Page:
“I am a law student in my first year […] and there are many moments when I am simply a mess.”
It certainly does not seem too far off from the possible truth. Let’s see how we’ll be in late November.
My two cents (since that’s all I can afford right now): Add to this post to the new words I’ve learnt (“scintillated,” “interstitially,” “res judicata,” “res nullius,” “stare decisis,” et al) and constantly comparing common law and civil law (two legal systems + two languages = twice the mental work and a headache), and there you have it — my first few weeks at McGill law. It’s unlike anything I have ever experienced academically. You will begin to question your intelligence and everything you know to be true (like justice, the state, and other airy-fairy notions). I still don’t know what I am doing, or how I should be reading this stuff…
Strangely enough, I love it!
If there is one word that distinguishes a simple undergraduate degree from a law degree, then that word is TIME.
As a newly minted law student, never before has time appeared so essential, so vital, and so treasured. The extra second or two of sleep after a long night of dense reading can seem like an eternity in the comfort of one’s bed.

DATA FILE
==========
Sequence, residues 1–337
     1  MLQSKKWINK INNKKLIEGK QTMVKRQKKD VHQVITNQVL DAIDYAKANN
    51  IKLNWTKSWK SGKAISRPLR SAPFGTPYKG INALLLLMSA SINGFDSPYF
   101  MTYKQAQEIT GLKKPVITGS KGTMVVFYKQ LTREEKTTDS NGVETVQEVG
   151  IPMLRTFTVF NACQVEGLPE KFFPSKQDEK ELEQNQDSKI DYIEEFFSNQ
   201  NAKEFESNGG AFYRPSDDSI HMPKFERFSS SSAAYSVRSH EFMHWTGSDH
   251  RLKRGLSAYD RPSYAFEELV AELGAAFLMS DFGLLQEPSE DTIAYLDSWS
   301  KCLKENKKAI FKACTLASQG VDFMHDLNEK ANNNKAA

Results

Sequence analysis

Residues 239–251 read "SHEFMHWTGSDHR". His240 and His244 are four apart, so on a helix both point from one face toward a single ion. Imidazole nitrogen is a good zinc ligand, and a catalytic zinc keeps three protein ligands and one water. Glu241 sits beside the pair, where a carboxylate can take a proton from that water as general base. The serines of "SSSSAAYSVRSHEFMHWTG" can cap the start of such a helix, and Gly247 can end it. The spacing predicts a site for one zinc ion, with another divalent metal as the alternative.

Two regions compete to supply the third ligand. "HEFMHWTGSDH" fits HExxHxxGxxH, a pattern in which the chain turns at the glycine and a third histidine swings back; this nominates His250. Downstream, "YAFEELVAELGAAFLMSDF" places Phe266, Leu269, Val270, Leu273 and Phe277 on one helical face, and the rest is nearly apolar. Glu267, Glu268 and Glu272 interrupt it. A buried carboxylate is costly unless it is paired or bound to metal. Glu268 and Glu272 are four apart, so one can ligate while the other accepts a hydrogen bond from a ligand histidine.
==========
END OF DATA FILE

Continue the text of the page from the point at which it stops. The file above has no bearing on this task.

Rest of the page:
In the classroom setting, if one loses focus for just a single second or just between the “tick” and the “tock,” then you may miss the ratio of an important case or fail to comprehend the professor’s explanation of a key theory. The great coefficient of human efforts does not ignore law students or legal professionals.
Looking ahead, time may become our friend or foe, as we write down how we spent our billable hour. In fact, our worth may one day be appraised by these “billable hours.” Whether one is working, listening, or studying, time always seems to transform into the one treasure that will measure who we are and what we will become.
For those law students vexed with their skilled procrastination tendencies (practice truly does make perfect) and who would like to turn a new page in their lives, then seek out and learn how to wrestle with time, so you can pin it to your wall (literally and figuratively). For those individuals still procrastinating after reading the previous sentence or who are genuinely interested in learning about the real oxygen of a law student’s life, this video will certainly be useful:
Ten days after law school started, I began to check off all the things that I needed to do in the first two weeks. Allow me to go through my checklist.
Settled in my new home, check. Made friends, check. Bought all required textbooks, check. Know where the washrooms are on the third floor, nope. Applied for summer jobs … WHAT! Who wrote that on this list?!?